When it comes to adventurous things to do in Belize, it doesn’t get much more incredible than diving the Great Blue Hole. The 1,050-foot-wide, 407-foot-deep underwater sinkhole 43 miles east of Belize City is so large that you can see it from outer space. Amateur divers are welcome to snorkel around the surrounding reefs, home to a stunning array of sponges, sea fans, and coral in every color of the rainbow. Underwater veterans will, of course, want to test their skills by diving into the sinkhole itself. The plunge isn’t an easy one, but the advanced divers who attempt it are rewarded with the opportunity to explore a spectacular natural environment with 40-foot-long stalagmites and stalactites. Travel operators like Belize Diving Services offer daylong diving tours of the Great Blue Hole and other nearby sites. Landlubbers, take note: Tropic Air offers hour-long aerial tours of the Great Blue Hole, so you can catch a glimpse of this site and others in Belize from above.

The Mayan ruins at Caracol.

5. Explore Maya Ruins

Atop a plateau near the Guatemalan border rest the ruins of a city that was once the political powerhouse of the ancient Maya civilization. Dubbed Caracol, the nearly 25,000-acre archeological site is known for its vast agricultural field system and sophisticated city planning. But despite how remarkable it is, Caracol offers visitors lots of freedom to wander around the site on their own. You can even climb the Sky Palace -- the tallest man-made structure in Belize. The site only receives about 10,000 visitors a year, so you won’t have to worry about running into crowds at this curious place. To get to Caracol, rent a car and make your way to the Chiquibul Forest Reserve in the Cayo District. Or, take the easy route and set up a guided tour with your hotel.

A plant ritual with the García Sisters in Belize.
Joni Sweet

6. Get Blessed By A Healer

Adventures in Belize aren’t just about adrenaline-inducing feats of physical endurance -- they also involve getting in touch with your spiritual side and exploring the mystical world of Maya culture. Experience this distinctive part of Belize with the García Sisters, a family of natural healers who welcome travelers into their home near San Ignacio. Tours of their medicinal gardens will teach you how the sisters use botanicals to treat stomachaches, migraines, and sore throats. They’ll also neutralize negative energy in your body and mind with a spiritual cleansing ceremony that involves making a plant offering to a fire, silent prayers, and a smudging ritual. The popular natural healing place will remind you of the connection we all have to the Earth and the rest of its inhabitants, adding depth of understanding and respect to all your outdoor adventures in Belize.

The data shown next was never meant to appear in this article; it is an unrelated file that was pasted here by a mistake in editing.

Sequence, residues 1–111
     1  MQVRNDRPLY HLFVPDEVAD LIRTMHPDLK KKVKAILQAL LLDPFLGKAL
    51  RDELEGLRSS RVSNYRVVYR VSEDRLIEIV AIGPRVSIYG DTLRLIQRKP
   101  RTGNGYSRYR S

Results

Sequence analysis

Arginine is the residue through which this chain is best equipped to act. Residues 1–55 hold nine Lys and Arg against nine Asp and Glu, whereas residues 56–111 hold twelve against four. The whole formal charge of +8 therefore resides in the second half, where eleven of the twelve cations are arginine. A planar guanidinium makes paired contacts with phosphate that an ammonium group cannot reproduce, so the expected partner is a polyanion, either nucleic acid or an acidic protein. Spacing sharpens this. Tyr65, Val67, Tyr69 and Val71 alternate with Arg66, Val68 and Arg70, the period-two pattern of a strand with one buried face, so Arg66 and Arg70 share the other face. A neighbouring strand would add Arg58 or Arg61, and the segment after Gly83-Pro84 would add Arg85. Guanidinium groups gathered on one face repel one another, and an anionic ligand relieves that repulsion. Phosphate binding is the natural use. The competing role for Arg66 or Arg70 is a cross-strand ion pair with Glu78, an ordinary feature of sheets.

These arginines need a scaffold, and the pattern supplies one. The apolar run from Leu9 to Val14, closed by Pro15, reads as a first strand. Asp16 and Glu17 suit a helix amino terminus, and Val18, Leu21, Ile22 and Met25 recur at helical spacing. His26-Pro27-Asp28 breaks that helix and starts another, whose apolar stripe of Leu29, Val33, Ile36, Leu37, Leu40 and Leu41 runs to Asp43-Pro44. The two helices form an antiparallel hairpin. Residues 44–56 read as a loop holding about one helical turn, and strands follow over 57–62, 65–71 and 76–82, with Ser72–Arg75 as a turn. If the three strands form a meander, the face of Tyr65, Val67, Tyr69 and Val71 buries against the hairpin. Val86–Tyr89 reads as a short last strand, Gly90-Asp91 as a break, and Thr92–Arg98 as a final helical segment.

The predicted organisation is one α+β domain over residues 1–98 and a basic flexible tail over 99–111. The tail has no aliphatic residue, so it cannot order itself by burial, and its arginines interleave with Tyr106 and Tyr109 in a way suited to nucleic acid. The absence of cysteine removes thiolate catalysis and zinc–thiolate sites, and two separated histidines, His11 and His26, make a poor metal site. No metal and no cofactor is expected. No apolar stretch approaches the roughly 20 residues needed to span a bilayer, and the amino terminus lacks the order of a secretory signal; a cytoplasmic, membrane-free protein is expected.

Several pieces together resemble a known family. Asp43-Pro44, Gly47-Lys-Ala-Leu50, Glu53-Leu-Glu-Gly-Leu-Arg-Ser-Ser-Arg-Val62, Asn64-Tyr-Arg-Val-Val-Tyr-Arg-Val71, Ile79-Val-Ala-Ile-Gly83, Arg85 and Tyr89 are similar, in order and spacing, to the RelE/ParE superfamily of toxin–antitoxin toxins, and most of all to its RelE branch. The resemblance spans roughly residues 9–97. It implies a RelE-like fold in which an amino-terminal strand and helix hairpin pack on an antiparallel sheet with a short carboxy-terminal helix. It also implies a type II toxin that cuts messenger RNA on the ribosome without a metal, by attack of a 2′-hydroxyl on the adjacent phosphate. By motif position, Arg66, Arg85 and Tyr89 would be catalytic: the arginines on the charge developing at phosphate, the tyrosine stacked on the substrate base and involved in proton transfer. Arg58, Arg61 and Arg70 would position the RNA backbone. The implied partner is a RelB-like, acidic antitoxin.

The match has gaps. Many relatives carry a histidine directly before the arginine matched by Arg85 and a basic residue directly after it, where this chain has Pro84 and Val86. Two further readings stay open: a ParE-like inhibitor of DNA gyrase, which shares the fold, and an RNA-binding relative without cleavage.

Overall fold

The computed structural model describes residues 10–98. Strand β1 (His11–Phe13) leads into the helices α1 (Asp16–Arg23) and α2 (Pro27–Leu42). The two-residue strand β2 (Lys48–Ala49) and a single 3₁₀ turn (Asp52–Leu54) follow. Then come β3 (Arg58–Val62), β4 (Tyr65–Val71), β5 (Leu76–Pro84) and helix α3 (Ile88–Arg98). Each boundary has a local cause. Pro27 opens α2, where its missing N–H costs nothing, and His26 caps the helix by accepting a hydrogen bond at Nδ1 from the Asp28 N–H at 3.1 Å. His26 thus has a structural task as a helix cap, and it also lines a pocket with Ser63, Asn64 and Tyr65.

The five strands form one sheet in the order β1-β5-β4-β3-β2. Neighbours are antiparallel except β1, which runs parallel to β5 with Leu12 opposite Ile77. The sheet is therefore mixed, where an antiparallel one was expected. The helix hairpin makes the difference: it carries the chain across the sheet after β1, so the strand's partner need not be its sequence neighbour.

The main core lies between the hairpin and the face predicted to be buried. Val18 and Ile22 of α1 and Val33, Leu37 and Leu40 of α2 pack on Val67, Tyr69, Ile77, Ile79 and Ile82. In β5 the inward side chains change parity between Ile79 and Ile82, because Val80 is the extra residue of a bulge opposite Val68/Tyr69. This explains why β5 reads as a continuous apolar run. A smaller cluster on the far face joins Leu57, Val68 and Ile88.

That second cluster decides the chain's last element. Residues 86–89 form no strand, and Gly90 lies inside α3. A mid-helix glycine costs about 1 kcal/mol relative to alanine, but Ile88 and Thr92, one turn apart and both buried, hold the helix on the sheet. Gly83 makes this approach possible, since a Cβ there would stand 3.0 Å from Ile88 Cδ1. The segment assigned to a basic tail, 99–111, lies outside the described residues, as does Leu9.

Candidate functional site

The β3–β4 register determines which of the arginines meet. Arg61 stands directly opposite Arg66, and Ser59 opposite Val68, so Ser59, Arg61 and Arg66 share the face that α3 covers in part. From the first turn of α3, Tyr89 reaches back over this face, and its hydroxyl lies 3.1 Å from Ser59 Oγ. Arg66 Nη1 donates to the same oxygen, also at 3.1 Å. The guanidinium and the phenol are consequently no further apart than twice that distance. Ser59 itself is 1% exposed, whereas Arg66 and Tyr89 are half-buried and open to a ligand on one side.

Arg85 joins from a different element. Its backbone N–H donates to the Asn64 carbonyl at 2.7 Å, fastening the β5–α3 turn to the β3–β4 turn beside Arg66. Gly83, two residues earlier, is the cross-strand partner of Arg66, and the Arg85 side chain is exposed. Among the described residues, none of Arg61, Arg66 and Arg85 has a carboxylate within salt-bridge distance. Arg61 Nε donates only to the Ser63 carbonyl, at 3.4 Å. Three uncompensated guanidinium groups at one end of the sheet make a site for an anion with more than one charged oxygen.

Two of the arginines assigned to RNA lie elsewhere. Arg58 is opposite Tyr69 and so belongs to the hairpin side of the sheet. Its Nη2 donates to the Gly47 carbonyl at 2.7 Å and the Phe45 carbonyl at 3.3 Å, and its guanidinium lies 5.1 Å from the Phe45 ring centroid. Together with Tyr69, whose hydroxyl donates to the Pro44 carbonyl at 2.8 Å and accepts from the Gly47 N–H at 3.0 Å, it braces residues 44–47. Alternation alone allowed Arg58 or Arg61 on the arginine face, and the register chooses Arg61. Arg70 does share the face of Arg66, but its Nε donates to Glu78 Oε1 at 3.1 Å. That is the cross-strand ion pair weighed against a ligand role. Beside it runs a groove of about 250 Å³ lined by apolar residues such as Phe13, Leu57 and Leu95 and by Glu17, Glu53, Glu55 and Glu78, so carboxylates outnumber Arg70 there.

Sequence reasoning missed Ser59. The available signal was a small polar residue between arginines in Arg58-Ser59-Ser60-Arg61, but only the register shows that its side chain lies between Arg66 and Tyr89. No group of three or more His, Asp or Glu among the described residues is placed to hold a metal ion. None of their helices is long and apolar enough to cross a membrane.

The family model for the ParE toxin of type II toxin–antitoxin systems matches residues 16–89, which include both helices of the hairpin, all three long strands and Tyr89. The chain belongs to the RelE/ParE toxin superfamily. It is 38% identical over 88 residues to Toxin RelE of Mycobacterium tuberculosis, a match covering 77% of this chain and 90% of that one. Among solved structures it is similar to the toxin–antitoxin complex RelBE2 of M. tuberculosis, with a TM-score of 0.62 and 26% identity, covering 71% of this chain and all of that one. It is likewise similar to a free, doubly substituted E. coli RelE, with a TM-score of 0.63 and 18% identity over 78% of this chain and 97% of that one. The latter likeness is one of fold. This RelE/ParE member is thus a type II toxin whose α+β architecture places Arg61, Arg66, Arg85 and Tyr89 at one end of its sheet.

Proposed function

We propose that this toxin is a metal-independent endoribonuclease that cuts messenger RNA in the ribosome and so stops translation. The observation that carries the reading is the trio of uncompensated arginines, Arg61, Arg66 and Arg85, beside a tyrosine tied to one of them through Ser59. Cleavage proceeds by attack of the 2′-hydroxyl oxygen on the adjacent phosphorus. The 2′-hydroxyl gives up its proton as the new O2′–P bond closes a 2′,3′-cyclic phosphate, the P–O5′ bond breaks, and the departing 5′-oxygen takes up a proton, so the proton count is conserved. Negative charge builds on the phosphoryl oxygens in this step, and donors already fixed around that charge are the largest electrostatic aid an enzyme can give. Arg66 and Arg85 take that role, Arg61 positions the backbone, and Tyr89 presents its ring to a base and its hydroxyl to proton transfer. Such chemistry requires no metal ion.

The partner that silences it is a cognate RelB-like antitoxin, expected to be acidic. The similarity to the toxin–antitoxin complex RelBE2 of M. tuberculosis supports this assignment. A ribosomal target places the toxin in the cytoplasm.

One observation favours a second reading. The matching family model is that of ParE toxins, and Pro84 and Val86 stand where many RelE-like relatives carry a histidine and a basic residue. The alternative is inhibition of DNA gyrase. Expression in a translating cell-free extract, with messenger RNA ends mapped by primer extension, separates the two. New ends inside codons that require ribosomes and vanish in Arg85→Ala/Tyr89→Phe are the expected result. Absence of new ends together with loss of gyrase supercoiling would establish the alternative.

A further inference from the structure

Big Rock Falls in Belize.

7. Swim In A Secret Waterfall

Tucked inside Mountain Pine Ridge Forest Reserve near San Ignacio is one of Belize’s ultimate hidden gems: Big Rock Falls. Jagged rocks flank the gushing falls, creating a funnel for rushing water that fills a swimming hole below. And since most travelers miss it, you stand a good chance of having it to yourself for the entire afternoon. Getting down to the falls is as much of an adventure as swimming in them -- you’ll need to take a walk through the forest and down many aging timber steps until you hit the water. The steep climb back up, though, is an even bigger challenge, so wear sturdy shoes. Ka’ana, a nearby eco-resort, can arrange a trip to Big Rock Falls with an adventure specialist who will also lay out a picnic lunch when you get hungry. Ask the guide for his recommendations for the best swimming spots.

A bird-watching boat tour at Crooked Tree.

8. Go Bird-Watching In A Boat

From vibrant toucans and prehistoric-looking pelicans to magnificent eagles, kites, and ospreys, more than 600 species of birds have been seen in Belize. Want to catch a glimpse of these feathered beauties yourself? Take a bird-watching boat tour at the Crooked Tree Wildlife Sanctuary, a protected natural wetlands reserve. Keep your eyes and your ears open on this 2-hour-and-30-minute adventure. You may hear the hammering of a woodpecker or see a splash of yellow in the sky as a parrot flies by. Other wildlife is likely to make an appearance as well -- look for crocodiles, sloths, howler monkeys, and iguanas. If you happen to be traveling with family, this is an adventure that travelers of all ages will enjoy.

Haven't had your fill of adventure? Try some of these nine adventurous things to do in Kauai, Hawaii.